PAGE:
Polish lawmakers this week began wrestling with a long-delayed World War II property restitution plan, only weeks after 11 Jews filed an unprecedented federal lawsuit in Brooklyn against the Republic of Poland seeking the return of property seized from their families during the Holocaust.
A New Jersey appellate court Thursday granted Rabbi Baruch Lanner’s emergency request to be free on bail pending the appeal of his conviction of sexually abusing two teenaged girls while he was their principal in a New Jersey yeshiva high school.
As liberal groups hope bank fraud conviction leads to better business practices, Orthodox ones question zeal of prosecution.
Sholom Rubashkin, the manager of the now-infamous Agriprocessors kosher slaughterhouse in Iowa, has only completed one of two federal trials, and already — barring a successful appeal — he is looking at a life in prison.
The prospect of such severe punishment — for a man who many credit with making affordable kosher food available in previously underserved markets and for contributing generously to tzedakah, particularly to the Chabad community — has some Orthodox Jews complaining that the kosher meat tycoon is more victim than criminal.
At the same time, liberal Jewish groups that have been critical of the company’s practices — particularly its alleged mistreatment of workers — are hoping the conviction prompts better business practices in the kosher industry and Jewish nonprofit sector.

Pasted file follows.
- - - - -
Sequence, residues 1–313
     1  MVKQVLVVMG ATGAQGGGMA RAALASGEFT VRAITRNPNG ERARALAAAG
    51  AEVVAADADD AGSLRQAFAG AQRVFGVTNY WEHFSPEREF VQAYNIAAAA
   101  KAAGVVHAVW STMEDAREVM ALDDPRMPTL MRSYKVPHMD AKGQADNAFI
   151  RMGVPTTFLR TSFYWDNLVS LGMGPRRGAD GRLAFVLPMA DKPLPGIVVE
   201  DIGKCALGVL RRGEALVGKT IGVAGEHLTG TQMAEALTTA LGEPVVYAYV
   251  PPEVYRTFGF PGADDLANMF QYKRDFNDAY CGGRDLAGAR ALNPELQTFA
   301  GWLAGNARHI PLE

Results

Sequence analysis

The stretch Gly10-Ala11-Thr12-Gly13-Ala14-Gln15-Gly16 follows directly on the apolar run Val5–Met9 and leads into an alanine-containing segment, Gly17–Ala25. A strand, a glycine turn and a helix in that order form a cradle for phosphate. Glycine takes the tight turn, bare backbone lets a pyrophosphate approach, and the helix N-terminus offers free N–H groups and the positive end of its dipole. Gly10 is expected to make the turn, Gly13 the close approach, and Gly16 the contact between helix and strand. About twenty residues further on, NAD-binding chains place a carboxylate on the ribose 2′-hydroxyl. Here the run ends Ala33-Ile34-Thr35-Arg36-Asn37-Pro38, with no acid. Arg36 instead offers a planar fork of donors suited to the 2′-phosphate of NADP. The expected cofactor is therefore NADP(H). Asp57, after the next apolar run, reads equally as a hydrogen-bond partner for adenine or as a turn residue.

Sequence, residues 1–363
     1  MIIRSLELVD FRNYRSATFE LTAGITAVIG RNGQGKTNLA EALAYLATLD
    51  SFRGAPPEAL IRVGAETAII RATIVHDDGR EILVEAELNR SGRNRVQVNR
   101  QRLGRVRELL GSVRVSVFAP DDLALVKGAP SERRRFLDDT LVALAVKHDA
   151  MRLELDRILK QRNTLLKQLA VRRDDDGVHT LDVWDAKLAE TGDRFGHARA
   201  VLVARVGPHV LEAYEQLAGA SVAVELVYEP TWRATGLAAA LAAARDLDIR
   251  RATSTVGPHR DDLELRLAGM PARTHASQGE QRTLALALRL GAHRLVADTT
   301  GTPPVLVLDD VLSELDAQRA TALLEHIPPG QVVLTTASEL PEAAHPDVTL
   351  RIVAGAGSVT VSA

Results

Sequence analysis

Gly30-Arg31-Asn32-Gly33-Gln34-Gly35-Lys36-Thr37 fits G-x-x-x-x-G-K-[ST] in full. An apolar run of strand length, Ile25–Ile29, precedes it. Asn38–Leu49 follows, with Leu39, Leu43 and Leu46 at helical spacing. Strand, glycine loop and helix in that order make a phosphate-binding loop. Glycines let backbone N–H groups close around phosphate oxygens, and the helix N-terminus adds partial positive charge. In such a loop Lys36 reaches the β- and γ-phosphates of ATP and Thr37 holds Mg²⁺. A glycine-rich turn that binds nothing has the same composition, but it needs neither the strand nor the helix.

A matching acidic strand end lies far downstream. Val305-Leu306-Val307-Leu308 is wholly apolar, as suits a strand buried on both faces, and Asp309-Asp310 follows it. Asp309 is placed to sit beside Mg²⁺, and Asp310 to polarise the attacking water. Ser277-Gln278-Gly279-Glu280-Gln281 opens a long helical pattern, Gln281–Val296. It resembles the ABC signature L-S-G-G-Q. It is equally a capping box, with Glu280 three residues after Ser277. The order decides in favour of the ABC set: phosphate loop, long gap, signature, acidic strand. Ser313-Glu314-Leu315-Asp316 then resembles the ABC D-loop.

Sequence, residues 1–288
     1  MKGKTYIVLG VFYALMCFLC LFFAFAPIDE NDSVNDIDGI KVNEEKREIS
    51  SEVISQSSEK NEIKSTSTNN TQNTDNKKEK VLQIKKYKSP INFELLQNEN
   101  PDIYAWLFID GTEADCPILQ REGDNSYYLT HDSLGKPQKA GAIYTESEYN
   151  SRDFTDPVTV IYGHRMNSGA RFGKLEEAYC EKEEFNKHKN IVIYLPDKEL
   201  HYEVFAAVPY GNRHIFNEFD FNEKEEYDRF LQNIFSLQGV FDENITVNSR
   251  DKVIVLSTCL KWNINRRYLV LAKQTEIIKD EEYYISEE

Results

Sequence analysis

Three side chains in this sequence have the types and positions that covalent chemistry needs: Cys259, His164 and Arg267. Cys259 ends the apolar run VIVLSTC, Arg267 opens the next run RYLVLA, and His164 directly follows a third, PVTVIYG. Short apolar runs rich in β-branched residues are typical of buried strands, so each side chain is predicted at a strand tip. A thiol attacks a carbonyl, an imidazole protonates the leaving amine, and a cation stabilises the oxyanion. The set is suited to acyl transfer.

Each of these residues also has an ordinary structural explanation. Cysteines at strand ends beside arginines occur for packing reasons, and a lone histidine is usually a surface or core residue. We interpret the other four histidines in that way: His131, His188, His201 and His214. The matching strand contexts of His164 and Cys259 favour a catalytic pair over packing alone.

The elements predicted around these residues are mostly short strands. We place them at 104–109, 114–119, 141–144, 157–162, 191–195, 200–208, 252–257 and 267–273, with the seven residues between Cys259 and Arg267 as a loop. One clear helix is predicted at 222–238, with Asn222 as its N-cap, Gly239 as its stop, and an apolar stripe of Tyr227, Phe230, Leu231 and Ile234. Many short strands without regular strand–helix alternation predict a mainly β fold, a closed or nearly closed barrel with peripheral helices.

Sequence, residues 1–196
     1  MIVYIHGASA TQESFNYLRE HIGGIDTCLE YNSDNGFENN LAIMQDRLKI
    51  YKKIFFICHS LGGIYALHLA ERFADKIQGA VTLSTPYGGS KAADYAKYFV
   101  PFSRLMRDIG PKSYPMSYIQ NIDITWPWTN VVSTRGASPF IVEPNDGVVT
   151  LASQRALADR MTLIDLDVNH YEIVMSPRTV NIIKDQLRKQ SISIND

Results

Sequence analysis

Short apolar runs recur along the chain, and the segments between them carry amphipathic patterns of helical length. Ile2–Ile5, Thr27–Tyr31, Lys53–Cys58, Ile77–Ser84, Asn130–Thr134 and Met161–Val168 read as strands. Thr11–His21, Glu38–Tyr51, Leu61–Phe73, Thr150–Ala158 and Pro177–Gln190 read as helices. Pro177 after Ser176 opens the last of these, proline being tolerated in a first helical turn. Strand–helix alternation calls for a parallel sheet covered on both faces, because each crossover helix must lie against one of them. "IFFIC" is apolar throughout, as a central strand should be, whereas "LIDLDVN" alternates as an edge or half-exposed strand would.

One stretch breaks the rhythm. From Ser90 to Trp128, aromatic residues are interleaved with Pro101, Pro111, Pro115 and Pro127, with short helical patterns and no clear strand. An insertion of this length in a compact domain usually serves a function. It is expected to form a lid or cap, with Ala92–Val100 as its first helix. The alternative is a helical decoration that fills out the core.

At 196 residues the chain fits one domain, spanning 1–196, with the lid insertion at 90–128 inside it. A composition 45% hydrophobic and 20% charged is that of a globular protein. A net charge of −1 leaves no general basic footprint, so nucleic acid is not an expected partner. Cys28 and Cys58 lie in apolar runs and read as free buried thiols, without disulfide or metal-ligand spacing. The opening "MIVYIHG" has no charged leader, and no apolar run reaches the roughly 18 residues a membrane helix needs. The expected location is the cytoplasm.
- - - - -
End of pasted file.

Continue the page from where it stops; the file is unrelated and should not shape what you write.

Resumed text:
In Olympic years, some People of the Book become people of the backstroke, the clean-and-jerk, and the high hurdles.
The Games, Summer and Winter, serve as a showcase for the best athletes, Jewish and non-Jewish. From A (Ruth Abeles) to Z (Eli Zuckerman), names like Mark Spitz and Kerry Strug are in the record books as well as Jewish history texts.
Beginning with 10 medals won by Jewish athletes at the first modern Olympics in Athens in 1896, Jews have been a steady presence at the international competition.
Entering a Borough Park public school early Tuesday, David Tilis was emphatic about his pick for president.
“I’m Jewish, so it has to be [George W.] Bush,” said Tilis, 21, a mortgage broker en route to casting his vote for the Republican incumbent. “I don’t understand how any Jew could vote for [Sen. John] Kerry. Yasir Arafat is for him.”
Friday, September 11th, 2009
Here’s something from JINSA (The Jewish Institute for National Security Affairs) regarding 9-11 memorials, and what is all-too-often going unspoken by politicians. But what American politicians are too politically correct to say is, in fact, being said in the Arab media, as in this column from Al-Sharq Al-Awsat.
And in memory of those who died, here’s something from The Jewish Week archives (9/8/06):
When the latest round of talks were held in Jerusalem this week to resolve Nazi-era insurance claims, a prominent New York Jewish leader was seated at the table. But he was not sitting with the victims.
"I came into this to try to come up with some basis to move the settlement process forward," explained Kenneth Bialkin, who earlier this year became lead counsel in the talks for Italy's largest insurer, Assicurazioni Generali.
For some Holocaust survivors and their supporters, a Senate subcommittee hearing this week was their last chance to collect on the Nazi-era life insurance policies of their parents.
The survivors asked that Congress adopt legislation that would require insurance companies doing business in the United States to publish the names of all policyholders from the pre-war era. If the companies then refused to settle claims on reasonable terms, survivors and their heirs could sue them during the next 10 years.